Over the past ten years, KDG has delivered a variety of architectural solutions to a wide diversity of clients. But there is one result that they avoid at all costs.
One thing we never want to happen is for the client to walk into their final building and say, “Wow…I didn’t know it would look like this.”
This is why visualization plays a foundational role in the KDG architecture and design process. By helping the client envision their final goal in architectural detail, Dan and his team can mitigate the risk of a client not recognizing the project they had in mind.
“What’s in my head makes perfect sense—I can see it, I can visualize, but if I can’t communicate it in some way besides words, visualization becomes that tool to communicate design intent.”
While Pinterest images, material samples and verbal descriptions play a part in getting the design process started, many clients have trouble piecing together an imagined building project, much less being able to communicate about it with the KDG team. Even drawings often pose a challenge in helping the client determine whether KDG accurately translated their needs and desires into architecture.
“When a client comes in and you can tell they’re really struggling with looking at a piece of paper and seeing a three-dimensional reality, that’s unnerving for me. We as designers and architects have to be on the forefront of using that technology to help our clients visualize.”
KDG uses sophisticated design technology that can actually place the client in their space digitally. “When I can move them back to the computer, walk them through a model, and watch their eyes light up—‘I see it now.’”
KDG’s software not only provides a three-dimensional rendering of a client’s architecture project, but it offers a “fly-through” experience of navigating the building.
“We can tell them where they’re standing and which direction they’re looking, turn them in different directions—it’s so effective and so powerful.”
This technology allows for design tweaks at the level of the individual user. For mission-minded projects, spinning the design around allows a client to virtually go and “sit” anywhere in the auditorium to determine how to improve the “bad seat” in the house. The option of changing sun angles allows them to see what the space looks like at different times of day— is the pastor’s office getting blinded by sun at 2 p.m., his best time of day to study?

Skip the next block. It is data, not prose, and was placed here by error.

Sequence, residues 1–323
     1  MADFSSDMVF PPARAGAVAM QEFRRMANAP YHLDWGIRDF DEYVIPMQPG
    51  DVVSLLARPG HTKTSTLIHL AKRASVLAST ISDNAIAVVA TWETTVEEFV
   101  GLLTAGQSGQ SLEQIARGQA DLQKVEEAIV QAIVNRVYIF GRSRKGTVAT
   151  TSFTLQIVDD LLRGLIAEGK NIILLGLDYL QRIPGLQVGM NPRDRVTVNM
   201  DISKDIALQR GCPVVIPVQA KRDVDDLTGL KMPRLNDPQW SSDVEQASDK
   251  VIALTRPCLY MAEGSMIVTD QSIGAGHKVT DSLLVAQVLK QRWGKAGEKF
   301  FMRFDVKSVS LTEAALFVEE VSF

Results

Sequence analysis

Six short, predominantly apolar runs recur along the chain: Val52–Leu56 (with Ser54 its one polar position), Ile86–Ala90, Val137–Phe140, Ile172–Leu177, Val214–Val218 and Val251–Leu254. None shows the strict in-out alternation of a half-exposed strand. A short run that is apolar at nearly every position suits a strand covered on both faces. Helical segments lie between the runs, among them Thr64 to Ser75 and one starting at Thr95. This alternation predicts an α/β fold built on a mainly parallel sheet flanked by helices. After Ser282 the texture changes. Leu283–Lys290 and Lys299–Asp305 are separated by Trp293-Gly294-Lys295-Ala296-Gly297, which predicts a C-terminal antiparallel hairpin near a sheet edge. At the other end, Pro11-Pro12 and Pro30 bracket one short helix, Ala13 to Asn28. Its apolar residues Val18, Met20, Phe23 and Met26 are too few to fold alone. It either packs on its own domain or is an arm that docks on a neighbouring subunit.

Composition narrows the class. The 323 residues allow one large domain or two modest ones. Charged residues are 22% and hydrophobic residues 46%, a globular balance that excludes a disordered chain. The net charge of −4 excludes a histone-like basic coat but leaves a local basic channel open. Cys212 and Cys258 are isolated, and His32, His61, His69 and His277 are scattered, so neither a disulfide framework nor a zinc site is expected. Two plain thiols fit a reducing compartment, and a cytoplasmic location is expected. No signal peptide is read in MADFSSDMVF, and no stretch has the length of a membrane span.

“The whole idea,” Dan says, ”is to get the client to understand what they’re investing in, as well as mitigate mistakes. By building this thing virtually, we get to sit inside it.”
The use of this technology offers a valuable opportunity for younger members of the KDG staff to offer value and build their skills. “We pursue generational diversity,” Dan says. “In our small staff of twelve, we have leadership with twenty-five-plus years of experience, but we also have a student who is an ACM alumnus and is going to Ohio State for architecture next year. He’s had two years of exposure to the technology we use on a daily basis; we’ve taken him from drawing theoretical projects in high school to real projects where he gets to use those talents immediately.”
For Dan, it’s imperative to get the young members of staff in the room with the client, contributing and playing an active role in the architecture process.
“It’s easier for me to communicate the intent when someone else who is keyed into the technology handles that part. And particularly in a church building project, these are the kids who are really sitting in the chairs. They’re going to be the next generation, so I want to know what they see and feel about the design.”
Communication and Collaboration
This sophisticated architecture technology brings its own challenges. When a client is able to take this virtual step into the space KDG has designed for them, there can be a tendency to take a deep dive into details.
“More than just three-dimensional space, you start looking at texture, color, orientation, etc. But you don’t want to go that far that quick.” With too much detail provided in the visualization, the client may have a negative reaction based more on colors of walls, or direction of sunlight, rather than to the layout that the visualization is meant to provide. At this stage in the process, Dan says, “we’re just trying to help them see the spatial qualities for now—the rest will be seen as the design process unfolds.”
Another advantage of this architecture technology is its use for church leaders in casting a vision for their congregation. KDG can set up a fly-through presentation for the leaders to help communicate goals and progress to investors, banks, and congregants in a way that is often far more effective than just a physical model.
It’s important for clients to know, Dan says, that visualization isn’t just about the bona fides of a specific software program. Most versions of this technology offer the same set of features; what’s more, they change so fast that being married to a single technological solution almost guarantees irrelevance in just a few years.
The real key, he says, is understanding how to use this technology as a communication tool with the client. Without asking the right questions, technology is just bells and whistles. It requires human expertise and experience to create an architectural solution that the client instantly recognizes when they step inside.
“Being a visionary leader, I’m asking questions that help me clearly understand what the long-term goal is. If we don’t know we’re going to the moon, we may not even know we need a rocket. Once we know our final destination, we can collaborate on ways to get there.”